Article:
[Sidebar: The “Life After Food” article blames Adele’s 100-pound weight loss for apparently obliterating the body acceptance concept: “Ours was supposed to be the feel-good era of Lizzo and Ashely Graham and Adele. Then Adele lost all that weight.” As Casey wrote, Adele “lost weight over a period of multiple years concurrent with a number of habit changes that would have impacted that.” To baselessly position Adele, who has discussed using weight lifting to help manage her anxiety (Je suis Adele!) as a harbinger of, I don’t know, a “feel-bad era” because she lost weight … my heart rate is spiking. It’s reprehensible.]
There is plenty of quality journalism about what these drugs do and don’t do, the side effects, why they’re beneficial for some people, etc. Before you waste another minute on celebrity gossip, read the articles I’m linking at the bottom of this one.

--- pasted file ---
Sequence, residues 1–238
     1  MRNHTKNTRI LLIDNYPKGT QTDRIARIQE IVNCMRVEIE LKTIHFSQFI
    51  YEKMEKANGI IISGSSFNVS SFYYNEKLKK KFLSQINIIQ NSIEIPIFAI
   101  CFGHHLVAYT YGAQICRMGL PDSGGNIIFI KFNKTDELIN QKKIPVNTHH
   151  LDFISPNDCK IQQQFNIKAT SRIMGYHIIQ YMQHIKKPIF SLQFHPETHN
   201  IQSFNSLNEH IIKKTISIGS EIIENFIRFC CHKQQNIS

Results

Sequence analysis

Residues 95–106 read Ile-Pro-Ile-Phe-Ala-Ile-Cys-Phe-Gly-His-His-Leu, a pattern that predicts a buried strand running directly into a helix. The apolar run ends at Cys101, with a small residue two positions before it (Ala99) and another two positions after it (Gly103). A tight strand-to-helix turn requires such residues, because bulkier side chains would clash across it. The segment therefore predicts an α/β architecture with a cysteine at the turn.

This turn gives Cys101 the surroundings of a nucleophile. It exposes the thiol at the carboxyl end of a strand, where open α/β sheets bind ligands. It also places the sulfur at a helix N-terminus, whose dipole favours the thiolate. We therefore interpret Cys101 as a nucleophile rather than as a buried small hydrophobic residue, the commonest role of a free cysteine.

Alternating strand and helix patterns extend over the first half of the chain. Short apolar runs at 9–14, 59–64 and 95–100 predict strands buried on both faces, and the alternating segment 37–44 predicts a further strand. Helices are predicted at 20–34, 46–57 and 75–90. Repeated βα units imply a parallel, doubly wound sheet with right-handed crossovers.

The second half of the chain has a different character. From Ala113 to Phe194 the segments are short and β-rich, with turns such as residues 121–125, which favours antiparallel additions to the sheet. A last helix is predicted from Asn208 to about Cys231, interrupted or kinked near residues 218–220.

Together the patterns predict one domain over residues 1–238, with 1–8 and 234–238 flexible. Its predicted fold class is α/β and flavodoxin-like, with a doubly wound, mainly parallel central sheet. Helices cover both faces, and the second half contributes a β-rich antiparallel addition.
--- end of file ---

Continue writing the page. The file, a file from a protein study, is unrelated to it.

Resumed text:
No matter what happens with these drugs in the future, the only way to find peace is to figure out what your values are and act accordingly. Do you value accepting your body at any moment and rejecting any intentional body change interventions? Do you value losing weight for health reasons and want to make an informed decision to take one of these drugs? Do you value fitting in with “everyone” around you who is getting thinner and think your life will be better if you use Ozempic to lose 11 pounds? A good way to figure out your values and whether you might need to adjust them is something else Jessica DeFino told me:
Every time you get an urge to participate in something, some sort of beauty behavior or a negative thought about yourself and your body, just keep asking, “Why?”
Why do you feel the need to have the same body as the people around you? Why do you think your life will be better if you lose 11 pounds? Why is a drug a better choice than some other means of action? Why is it important to you to reject any intentional interventions? Where do all of these motivations come from? Do they serve you first and foremost?
Stop asking questions about the behaviors of celebrities and start asking questions about yourself.
I’d like to point out something about Kyle Richards.